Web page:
There are a lot of great places to ski in the world, and sometimes, skiing is only part of the appeal. The Italian Dolomites have long been known as a rock-climber’s paradise, and the steep, red-colored spires have drawn tourists from all over Europe and the world for many years. The Faneshütte – located in the middle of Italy’s largest national park, is a well-known and rightly lauded destination, both in summer and winter – and the mountains surrounding it are only part of the reason why.
More on that later – but what about those mountains? And what about that stuff we love so much lying on them in winter….pow?
The small shot above gives you an idea of the spot we’re talking about here. Googling “Faneshütte” will get you there as well and let you look around.
The hut itself is sitting in the Kleinfanes – a glacially formed closed-ended cirque with peaks around the edges at around 3000 meters, and a floor of more or less 2000 meters. The entire area is a national park – and the nearest lifts are about 18 km away as the crow flies. In Europe – that’s a rarity – and it means that your fellow travellers here will all be engaging in human-powered skiing and riding, with a fair number of snowshoers as well.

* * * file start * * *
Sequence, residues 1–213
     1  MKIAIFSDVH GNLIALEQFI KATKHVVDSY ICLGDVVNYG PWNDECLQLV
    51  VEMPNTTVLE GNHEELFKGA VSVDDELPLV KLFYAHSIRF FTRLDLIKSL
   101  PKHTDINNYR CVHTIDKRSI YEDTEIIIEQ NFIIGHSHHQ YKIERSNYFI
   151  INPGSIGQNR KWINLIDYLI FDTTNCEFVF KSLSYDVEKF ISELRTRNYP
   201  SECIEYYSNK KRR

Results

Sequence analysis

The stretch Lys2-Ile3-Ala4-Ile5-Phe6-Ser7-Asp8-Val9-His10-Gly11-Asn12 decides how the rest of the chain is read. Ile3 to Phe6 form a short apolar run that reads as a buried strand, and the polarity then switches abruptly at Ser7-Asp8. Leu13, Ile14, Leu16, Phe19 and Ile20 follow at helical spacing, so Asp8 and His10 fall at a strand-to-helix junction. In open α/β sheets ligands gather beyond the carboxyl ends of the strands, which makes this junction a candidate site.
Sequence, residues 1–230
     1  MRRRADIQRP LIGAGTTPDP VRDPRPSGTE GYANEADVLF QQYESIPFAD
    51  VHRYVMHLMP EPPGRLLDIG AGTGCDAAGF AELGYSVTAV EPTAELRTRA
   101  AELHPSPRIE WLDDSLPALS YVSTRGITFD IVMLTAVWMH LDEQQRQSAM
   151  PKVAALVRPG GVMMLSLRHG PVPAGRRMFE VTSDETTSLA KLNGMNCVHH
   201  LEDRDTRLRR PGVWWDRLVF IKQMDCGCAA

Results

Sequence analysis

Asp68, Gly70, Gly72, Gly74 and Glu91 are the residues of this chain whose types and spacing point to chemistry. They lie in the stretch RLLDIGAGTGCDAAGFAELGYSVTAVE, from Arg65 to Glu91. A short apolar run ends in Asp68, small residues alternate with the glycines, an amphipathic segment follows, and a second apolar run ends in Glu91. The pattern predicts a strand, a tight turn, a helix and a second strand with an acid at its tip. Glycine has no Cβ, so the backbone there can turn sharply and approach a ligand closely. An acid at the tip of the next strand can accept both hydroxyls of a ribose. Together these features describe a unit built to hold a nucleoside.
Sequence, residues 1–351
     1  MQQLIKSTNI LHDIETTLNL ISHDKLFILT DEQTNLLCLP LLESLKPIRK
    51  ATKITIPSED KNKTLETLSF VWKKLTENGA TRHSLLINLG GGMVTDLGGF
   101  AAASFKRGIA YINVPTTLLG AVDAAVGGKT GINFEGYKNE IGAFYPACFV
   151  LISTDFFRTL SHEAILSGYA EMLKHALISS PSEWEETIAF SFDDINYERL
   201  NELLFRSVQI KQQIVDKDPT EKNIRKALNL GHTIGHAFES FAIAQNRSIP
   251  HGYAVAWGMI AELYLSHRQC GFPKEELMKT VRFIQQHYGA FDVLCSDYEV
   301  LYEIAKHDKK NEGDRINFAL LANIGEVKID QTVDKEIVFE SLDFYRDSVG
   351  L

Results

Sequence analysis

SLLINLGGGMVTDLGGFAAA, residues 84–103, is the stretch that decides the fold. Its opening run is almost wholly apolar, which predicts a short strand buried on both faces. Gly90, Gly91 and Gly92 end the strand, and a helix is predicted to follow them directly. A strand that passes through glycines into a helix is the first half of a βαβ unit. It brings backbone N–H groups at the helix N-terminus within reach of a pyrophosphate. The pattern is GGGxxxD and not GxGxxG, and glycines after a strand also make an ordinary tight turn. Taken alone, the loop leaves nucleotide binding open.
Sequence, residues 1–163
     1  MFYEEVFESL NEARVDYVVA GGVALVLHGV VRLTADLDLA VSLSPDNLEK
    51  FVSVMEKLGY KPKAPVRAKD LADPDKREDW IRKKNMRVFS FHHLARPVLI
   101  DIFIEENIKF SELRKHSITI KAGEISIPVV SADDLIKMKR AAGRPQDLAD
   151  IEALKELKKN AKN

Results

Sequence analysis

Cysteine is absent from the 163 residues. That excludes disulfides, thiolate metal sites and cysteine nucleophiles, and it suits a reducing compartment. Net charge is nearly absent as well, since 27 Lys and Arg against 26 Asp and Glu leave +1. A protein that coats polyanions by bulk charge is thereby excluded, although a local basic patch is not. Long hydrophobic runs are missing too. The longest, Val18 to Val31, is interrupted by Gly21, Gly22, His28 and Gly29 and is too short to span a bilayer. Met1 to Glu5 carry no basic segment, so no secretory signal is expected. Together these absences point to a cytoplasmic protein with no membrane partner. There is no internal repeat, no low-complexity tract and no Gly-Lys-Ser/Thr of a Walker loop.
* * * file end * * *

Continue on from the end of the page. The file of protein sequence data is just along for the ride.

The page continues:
I kind of like that – it keeps things a little more low-key – and because everyone has got to earn their turns, it keeps powder fresh for days after a storm. I’ve got nothing against ski resorts or “freeriding” – but an all-touring location has a lot going for it.